This does not mean that the stock market can’t make marginal new highs in the next couple years, but a major bull run is still off in the future if we are to believe the past. That’s what causes people to abandon the stock market in droves, each time things start to feel good they take another spill to the downside. When the pain gets to great they bail out once again with losses. It’s a long torturous process that leads to an entire generation abandoning the stock market. I am in that generation. I caught the tail end of the stock market rally in the late 90′s but by the time I had any significant money to risk the ride was over. After getting pounded in the stock market I made back my money in Gold and Silver but have never made much in stocks. It’s been a tough environment to win in stocks because when the indexes turn down, everything plunges regardless of how good the company.

As a trader I know this cycle will persist a few more years and then stocks will once again be king. So when the market is taking hits I’m going to be buying the Nasdaq ETF (QQQ) as that tends to significantly outperform the S&P 500 ETF in bull markets. The small cap Russell 2000 also tends to outperform at the beginning of the cycle but the big winner overall is usually the Nasdaq 100. So QQQ is the best place to be for the long haul.

Gold Stocks Appear Undervalued

Gold (GLD) has been the star performer this year in the precious metals arena as it’s up about 27% on the year and appears poised to move higher. the silver etf (SLV) was briefly the star last spring before flaming out after reaching the 1980 high of roughly $50. Gold had a similar parabolic run in mid-summer but after a couple hundred dollar correction is once again moving higher. If the trend continues those holding gold ETFs or the physical should do well. However, it’s often a good strategy to invest in a related asset that has under-performed instead of going with the obvious.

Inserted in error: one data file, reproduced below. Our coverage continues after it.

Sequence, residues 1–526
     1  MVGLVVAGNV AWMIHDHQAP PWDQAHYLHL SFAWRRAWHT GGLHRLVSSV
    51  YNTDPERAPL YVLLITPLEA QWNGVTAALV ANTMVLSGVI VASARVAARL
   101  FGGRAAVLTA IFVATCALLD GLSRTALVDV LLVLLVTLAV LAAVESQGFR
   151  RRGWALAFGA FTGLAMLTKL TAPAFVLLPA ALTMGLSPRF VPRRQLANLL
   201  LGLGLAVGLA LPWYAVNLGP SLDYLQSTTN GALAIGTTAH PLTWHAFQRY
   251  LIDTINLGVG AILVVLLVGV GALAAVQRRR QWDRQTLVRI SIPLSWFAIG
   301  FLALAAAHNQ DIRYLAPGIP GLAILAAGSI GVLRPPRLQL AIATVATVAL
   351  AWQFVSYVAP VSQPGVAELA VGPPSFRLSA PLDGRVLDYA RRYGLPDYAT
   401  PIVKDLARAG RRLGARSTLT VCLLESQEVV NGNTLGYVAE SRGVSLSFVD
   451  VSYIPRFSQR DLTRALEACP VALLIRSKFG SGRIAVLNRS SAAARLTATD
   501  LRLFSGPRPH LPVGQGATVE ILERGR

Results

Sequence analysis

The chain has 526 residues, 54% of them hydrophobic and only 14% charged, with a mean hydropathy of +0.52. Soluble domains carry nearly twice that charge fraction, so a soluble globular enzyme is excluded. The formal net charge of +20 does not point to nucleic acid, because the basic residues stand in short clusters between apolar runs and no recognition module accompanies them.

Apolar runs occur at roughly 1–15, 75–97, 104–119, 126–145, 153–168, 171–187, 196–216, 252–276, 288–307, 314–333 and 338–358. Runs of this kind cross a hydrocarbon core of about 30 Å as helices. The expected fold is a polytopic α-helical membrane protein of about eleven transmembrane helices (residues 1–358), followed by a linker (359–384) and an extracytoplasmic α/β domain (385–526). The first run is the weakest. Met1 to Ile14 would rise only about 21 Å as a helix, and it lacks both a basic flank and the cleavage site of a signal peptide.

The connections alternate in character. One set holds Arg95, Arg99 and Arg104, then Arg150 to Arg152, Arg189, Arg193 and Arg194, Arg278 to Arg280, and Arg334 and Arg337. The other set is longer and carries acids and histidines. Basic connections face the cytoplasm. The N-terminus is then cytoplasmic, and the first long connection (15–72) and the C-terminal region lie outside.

In this case the two that I would be looking at are the Gold Stocks (especially Junior Gold Stocks) and platinum in the metals arena. If you take a look at the performance of the Gold ETF (GLD) versus the Gold Stock ETF (GDX) you can see that since the beginning of 2011 GDX has under-performed by more than 20%.

If you move a little further out on the risk curve you will see that the under-performance of the Junior Gold Stock ETF (GDXJ) has even been more extreme losing nearly 20% of it’s value at a time when gold has risen 27%. This is something that only occurs in a the strange situation of gold rising on a fear trade while stocks dropping due to the “Risk Off” trade.

If you look back at how GDXJ has traded since inception you will see that it has basically tracked the Double Gold ETF (DGP) over the past several years until the last 9 months. This severe divergence normally plays out as a sharp drop in gold prices or a rise in the price of gold stocks.

Gold stocks have begun to outperform gold in the past few days and this could be the beginning of a recovery. Since the juniors have been so beaten down I have decided to go with GDXJ instead of GDX. If the “risk off” mentality continues it could delay a recovery in junior gold miners but if gold remains strong their day will definitely come!